Profanity and Masculinity: The Real Challenge

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Words have meaning. Though this might seem obvious, we often don’t use them well, usually out of ignorance or an unwillingness to use even an electronic dictionary. We overuse the words “very” and “great” and misuse the words “extremely” and “infinitely.” But investigating this phenomenon beyond mere ignorance and laziness can be an interesting enterprise. I’m going to embark on such an investigation here, focusing on the category of profanities and obscenities. For a set of words commonly held to be taboo, they are in increasingly common use. I’d like to suggest why these words might appeal to males in particular. (I know this isn’t exclusive to males; no offense is intended.) Also, exuberance overfloweth in this stream of thought, so feel free to bail out and alert the writer that the ship is going down.

I’m going to talk about that one magnetic and flexibly employed word in particular; never fear, I’m not going to spell it out or even use the asterisk version. This makes the article difficult to write and difficult to parse out at first, but the common use of this specific utterance, especially by males, has such deep and multifaceted cultural consequences that the attempt is worthwhile. The increasing ubiquity of its use, among younger and younger people, further warrants discussion. And to be clear, I’m not innocent in this regard, but I believe that discussion can inspire mutual support, friendship, and the betterment of the participants. Trusting the power of the implicit over the explicit, the goal here is not to cut out, but to jumpstart such conversation. I’ll discuss the original meaning of the word, defenses for its use, ways it specifically appeals to males, and appropriate responses when encountering it.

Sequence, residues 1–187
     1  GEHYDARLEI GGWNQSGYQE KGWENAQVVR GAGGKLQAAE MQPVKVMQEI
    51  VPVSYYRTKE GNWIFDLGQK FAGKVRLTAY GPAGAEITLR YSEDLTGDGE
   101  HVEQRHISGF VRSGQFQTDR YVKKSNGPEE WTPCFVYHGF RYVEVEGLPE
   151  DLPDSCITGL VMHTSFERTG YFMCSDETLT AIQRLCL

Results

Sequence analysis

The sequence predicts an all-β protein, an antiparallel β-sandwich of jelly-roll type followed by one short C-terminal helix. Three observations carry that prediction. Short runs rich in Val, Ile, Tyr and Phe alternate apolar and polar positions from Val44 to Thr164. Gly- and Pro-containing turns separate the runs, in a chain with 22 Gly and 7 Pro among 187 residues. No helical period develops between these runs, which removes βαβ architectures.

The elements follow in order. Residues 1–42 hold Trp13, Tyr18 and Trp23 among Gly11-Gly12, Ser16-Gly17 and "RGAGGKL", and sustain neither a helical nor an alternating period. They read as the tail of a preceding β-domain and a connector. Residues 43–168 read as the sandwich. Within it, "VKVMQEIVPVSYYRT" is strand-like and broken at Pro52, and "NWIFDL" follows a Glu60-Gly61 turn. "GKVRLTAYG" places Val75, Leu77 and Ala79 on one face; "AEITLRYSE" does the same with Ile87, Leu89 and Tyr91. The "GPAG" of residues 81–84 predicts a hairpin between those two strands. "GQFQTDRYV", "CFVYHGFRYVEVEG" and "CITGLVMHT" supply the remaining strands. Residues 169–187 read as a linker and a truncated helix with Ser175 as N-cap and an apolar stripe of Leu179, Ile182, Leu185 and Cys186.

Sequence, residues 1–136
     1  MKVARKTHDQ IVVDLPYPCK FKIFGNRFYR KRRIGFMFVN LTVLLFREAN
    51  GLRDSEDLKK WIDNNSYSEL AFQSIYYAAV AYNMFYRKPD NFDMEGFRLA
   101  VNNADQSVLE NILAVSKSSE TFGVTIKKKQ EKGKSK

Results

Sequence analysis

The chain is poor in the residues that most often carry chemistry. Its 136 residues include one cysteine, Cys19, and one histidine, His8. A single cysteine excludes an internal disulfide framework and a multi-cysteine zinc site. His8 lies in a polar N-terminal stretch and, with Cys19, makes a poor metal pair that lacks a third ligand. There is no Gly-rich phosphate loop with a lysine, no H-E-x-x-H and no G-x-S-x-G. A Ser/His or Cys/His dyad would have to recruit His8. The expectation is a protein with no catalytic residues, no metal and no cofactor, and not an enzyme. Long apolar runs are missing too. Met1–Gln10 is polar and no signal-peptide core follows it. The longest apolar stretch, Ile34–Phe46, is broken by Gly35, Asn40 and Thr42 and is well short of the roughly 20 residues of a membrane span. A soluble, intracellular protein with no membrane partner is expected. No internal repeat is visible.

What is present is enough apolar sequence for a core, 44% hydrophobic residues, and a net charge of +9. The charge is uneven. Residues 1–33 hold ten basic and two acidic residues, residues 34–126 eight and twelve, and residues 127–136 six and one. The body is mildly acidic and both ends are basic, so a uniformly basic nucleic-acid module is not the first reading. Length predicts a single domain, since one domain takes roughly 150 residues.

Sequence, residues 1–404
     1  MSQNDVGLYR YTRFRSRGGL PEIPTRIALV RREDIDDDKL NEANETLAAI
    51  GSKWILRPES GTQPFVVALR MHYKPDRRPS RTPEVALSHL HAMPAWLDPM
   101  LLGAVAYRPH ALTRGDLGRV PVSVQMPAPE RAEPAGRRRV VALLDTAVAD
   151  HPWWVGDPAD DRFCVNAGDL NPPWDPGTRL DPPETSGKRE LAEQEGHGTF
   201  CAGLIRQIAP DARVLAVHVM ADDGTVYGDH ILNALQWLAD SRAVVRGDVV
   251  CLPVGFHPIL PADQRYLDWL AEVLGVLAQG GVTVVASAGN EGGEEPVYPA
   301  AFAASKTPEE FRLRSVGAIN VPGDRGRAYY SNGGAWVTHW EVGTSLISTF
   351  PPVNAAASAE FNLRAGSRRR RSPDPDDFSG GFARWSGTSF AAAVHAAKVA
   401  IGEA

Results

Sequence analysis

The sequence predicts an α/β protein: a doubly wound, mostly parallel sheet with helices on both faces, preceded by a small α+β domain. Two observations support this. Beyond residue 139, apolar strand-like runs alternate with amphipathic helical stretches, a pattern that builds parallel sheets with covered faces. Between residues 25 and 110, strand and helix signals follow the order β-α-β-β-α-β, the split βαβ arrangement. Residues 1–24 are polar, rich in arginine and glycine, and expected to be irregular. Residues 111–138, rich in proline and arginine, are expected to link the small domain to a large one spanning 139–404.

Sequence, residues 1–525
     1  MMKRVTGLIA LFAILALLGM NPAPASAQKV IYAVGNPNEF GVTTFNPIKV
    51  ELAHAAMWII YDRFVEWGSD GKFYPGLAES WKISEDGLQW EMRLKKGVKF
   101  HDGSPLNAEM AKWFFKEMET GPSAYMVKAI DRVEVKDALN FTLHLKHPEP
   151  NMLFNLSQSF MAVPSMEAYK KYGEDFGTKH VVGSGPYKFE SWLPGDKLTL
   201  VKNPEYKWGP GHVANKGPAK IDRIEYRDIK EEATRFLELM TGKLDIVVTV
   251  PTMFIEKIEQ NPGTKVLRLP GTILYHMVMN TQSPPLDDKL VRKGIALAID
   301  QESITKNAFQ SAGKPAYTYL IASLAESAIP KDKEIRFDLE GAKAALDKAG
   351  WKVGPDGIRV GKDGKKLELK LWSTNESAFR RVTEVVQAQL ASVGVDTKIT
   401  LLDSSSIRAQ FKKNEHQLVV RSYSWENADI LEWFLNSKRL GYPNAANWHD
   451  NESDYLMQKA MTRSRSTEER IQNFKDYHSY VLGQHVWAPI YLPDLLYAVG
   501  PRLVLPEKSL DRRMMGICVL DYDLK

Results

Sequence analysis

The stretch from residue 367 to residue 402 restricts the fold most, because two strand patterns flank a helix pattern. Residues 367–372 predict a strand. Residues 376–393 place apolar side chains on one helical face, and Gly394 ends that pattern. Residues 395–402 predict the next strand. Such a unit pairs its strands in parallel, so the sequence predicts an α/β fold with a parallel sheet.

Original Meanings

First of all, what does the word in question actually mean? The first written use appears in 1475 in a simple code, denouncing a group of local men of the Church guilty of serial adultery. This tells us a few things: it was associated from the beginning with scandal and sin, in this case a violation of sacramental marriage by those claiming to represent God. It referred to violations of the sacraments of Matrimony and Holy Orders in particular, and a violation of the sacred in general. The word itself was taboo, not to be stated explicitly in print. 

Various popular origin accounts explain it as an acronym, for example, for a national command to procreate indiscriminately on the grounds of diminishing population, i.e., fornicate under command/consent of the king. These accounts are generally acknowledged as amusing but spurious. They take delight in explaining away the taboo as legitimate, but have no historical basis. Another somewhat Victorian explanation is that it was simply another word for plowing a field. Why we want to legitimize taboo by associating it with humor or explain it away in a sanitized fashion is an enormous and intriguing question, which I’ll address briefly (and inconclusively) below.